kids climbing on jungle gym

Is there a way to assess a child’s ability/inclination to take risks to make sure they are encouraged within a realistic boundary?

Again, take it slowly if you are doing this for the first time. You don’t want the first risk you allow your 4-year-old to take to be climbing to the top of the tree if they have never climbed a tree before. You’ll be a nervous wreck and your child will be taking a risk beyond their potential capabilities. Start slowly and observe them. Pay attention to how they are assessing their own risk. What do they do before hand? How do they handle missteps? Do they demonstrate resiliency? Can they pick themselves up, brush themselves off, and start all over again? Are they demonstrating fear? If so, then the risk is probably too much and some gentle coaching, “If this feels too scary to you, you might want to try again later” is in order. Also, demonstrate confidence and trust in them outwardly, even if you are a bit nervous on the inside. What we do know from research is that children who are allowed to take risk actually take far more reasonable risks and get hurt less often than children who are not allowed to take risks. So in our attempts to keep children safe at all costs, we actually create more danger for them. How ironic is that? We want children to grow in the best possible way, in all areas of development. Allowing children to take reasonable risks in a safe environment, with loving, engaged adults nearby is a perfect way to help them do this.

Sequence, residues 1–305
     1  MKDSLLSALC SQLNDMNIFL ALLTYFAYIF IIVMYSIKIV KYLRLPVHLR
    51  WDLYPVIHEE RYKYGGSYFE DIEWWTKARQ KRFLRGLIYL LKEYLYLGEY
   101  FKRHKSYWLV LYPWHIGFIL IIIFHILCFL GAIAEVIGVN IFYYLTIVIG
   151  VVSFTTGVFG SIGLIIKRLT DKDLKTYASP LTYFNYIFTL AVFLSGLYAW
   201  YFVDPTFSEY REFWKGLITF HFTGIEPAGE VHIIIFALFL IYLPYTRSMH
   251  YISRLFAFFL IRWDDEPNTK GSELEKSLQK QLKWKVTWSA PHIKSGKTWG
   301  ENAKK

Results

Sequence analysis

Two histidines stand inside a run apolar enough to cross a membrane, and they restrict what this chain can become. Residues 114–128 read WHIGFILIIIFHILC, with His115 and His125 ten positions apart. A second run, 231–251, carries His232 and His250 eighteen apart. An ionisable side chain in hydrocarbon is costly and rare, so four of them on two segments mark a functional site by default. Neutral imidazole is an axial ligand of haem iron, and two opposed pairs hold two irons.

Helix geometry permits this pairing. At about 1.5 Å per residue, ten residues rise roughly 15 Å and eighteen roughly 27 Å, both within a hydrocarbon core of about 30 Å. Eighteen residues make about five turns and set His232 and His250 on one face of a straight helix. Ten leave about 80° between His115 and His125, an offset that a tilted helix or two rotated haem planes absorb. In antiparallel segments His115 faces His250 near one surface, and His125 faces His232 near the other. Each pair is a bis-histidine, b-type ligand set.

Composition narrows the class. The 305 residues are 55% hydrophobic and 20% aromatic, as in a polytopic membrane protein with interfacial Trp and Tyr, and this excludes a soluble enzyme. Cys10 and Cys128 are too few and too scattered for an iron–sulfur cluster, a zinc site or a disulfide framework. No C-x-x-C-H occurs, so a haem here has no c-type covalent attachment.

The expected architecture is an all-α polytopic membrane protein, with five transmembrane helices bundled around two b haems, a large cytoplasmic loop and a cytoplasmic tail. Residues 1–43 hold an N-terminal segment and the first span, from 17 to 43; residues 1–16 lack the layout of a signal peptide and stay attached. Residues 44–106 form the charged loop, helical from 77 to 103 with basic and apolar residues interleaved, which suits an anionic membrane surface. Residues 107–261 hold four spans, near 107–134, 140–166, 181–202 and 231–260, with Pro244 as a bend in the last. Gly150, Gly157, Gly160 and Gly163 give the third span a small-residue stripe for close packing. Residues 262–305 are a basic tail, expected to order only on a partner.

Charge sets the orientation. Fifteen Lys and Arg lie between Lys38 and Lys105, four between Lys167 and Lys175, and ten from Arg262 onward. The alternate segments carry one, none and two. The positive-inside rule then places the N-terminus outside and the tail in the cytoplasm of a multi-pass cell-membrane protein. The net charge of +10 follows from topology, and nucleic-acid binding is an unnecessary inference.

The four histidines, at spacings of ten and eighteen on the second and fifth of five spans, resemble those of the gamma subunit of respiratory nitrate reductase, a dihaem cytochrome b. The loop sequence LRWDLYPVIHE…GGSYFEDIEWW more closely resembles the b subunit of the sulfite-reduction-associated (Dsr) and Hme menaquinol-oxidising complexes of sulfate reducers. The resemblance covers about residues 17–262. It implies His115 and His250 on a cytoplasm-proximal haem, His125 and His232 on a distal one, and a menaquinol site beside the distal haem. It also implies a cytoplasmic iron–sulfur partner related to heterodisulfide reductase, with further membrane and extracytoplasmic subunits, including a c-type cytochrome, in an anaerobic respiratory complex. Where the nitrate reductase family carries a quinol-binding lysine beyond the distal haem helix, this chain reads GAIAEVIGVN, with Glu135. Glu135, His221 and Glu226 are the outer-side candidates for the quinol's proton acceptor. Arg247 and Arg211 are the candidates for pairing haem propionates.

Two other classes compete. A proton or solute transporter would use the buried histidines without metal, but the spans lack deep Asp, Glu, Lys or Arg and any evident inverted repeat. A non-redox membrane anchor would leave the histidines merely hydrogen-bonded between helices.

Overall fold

kids standing on swings


If you enjoyed this post we invite you to read our blog, “The Importance of Music Education for Young Children.”

Carmel Mountain Preschool provides a safe and caring environment with hands-on, developmentally-appropriate programs for children. We also offer excellent care for elementary school-age students with our before and after school programs. CMP is located at 9510 Carmel Mountain Road, San Diego, CA 92129, situated between 4S Ranch, Rancho Peñasquitos, Carmel Valley, and Santaluz. For more information, please visit our website or contact us at 858.484.4877.